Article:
Cross posted at BlogHer
During the Newbie reception at BlogHer08 I met the representatives from T-Mobile. They had a table set up with a survey about parenting and cell phones. Although my kids are older now this is an issue that I dealt with some years ago when cell phones for kids weren’t as big of an issue than they are now.
My son got his first cell phone at the age of 13, my daughter at 16. He was very active in sports, she in high school and we were travelling to a family reunion of sorts and my sister and I wanted the kids to have the phones so that we could be in contact at all times. If my memory serves me right it was the T-Mobile family plan, but I could be wrong. Boy did I hear from the other sisters. Never directly but the tone was implied that this was just another way of “spoiling” my kids.
Over time those phones have been taken away and given back and taken away again. The Girl is now grown and pays her own plan. And the Boy is still on a family plan with my sister. They have more options now with texting, the internet, email and probably many other options that I am not even aware of. But then it wasn’t an issue. Then it was Boy is going to be at baseball practice and I don’t have to stick around the whole time, I can do what I do best – multi-task – and run errands and such, then he can call when it is time to pick him up. During the later years, that phone came in very handy on Prom night when Boy texted that they were leaving the Prom and heading to the bowling alley. Knowing that I would be waiting for a text to say he arrived, he called moments later and said that there had been an accident behind them and that if I saw anything on the news it didn’t involve them they were all fine. The kids and I text back and forth often, it is a perfect way of communicating quick thoughts that don’t need a full on phone call. (Kinda like Twittering)
The questions on the T-Mobile survey were pretty innocuous I thought. What is the big deal about kids having phones? It makes planning and sports and scouts and all the other extracurricular activities easier to handle right? But like I mentioned earlier, I guess there are issues and options that I am too out of touch to be aware of.
At what age should children have a mobile phone?
My answer to this one varied. Really it depends on the kid, the activities and the environment. But having to pick only one, I chose Middle School.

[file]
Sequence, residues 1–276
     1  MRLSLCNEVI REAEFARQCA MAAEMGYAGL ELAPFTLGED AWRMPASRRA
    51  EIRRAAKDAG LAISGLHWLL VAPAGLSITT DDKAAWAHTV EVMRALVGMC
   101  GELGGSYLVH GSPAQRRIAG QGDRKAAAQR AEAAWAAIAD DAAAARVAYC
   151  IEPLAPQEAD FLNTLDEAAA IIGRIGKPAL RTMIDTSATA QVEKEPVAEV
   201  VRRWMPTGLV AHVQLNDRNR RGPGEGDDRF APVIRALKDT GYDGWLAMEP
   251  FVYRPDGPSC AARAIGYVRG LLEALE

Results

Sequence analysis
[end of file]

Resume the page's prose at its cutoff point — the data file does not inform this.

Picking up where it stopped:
· 15% - Grade School
· 48% - Middle School
· 31% - High School
· 6% - Never; only adults should have mobile phones.
What would motivate you the most to buy your child a phone?
Again I have to fall back on the answer above and fluctuate between Safety and Coordination, couldn’t they be considered one in the same? I chose Coordination as we lived in a pretty safe area at the time of the kids getting their phones.
· 70% - Safety (knowing they can always reach me)
· 20% - Coordinating busy schedules (pick-ups, etc.)
· 4% - Social (keeping them in touch with family and friends)
· 6% - Nothing; I don’t think children should have phones.
What concerns you the most about providing your child with a mobile phone?
This one threw me for a loop. Surprise bills, yeah we had those when the Girl went OVER her minutes and then OVER everyone else’s minutes. But not because of texting and downloading, that wasn’t an option in the stone age. My answer was “Losing my child’s attention”. Only recently did I become aware of the worry facing some parents about who their child is texting or talking to. A friend’s granddaughter is not allowed to text because her parents can’t control it. The older wiser me says to relax and let her text, really is it that big of a deal? You can always go in and read the texts if needed. Of course, having had a teenage girl and remembering the hellish times, part of it makes sense.
· 30% - Surprise bills because my child would text or download too much without my knowledge.
· 46% - Not knowing who my child is talking or texting with.
· 11% - Losing my child’s attention when we are together because they’re using their phone instead of engaging in the moment.
· 12% - Access to inappropriate content.
If you were considering buying a mobile phone for your child, what would be the #1 purchase factor?
Price is always the number one factor for me. Everything costs too damn much! But I guess when you look at the question above, than the answer given most makes more sense.
· 26% - Cost of service.
· 65% - Ability to manage usage (example: set limits on minutes, texting, times of use and available features).
· 1% - Choice of phones.
· 5% - Network/coverage.
Of course the idea behind T-Mobile being at the conference was a marketing ploy for their Family Allowance Plan, looking at the survey it looks like they nailed it on the head.
With Family Allowances, parents can easily:
· Set limits on the time of day when the phone may be used.
· Avoid surprise bills by managing their child’s allowance of minutes, messages and downloads via a simple Web-based interface.
· Set limits on who can/can’t call or send text messages to the phone.
· Stay connected with their kids worry free with “always allowed numbers.”
This is not a paid advertisement, this isn’t even an endorsement. I'm a Sprint customer.
But I am totally interested in your opinions on the survey and your own experience with kids and cell phones.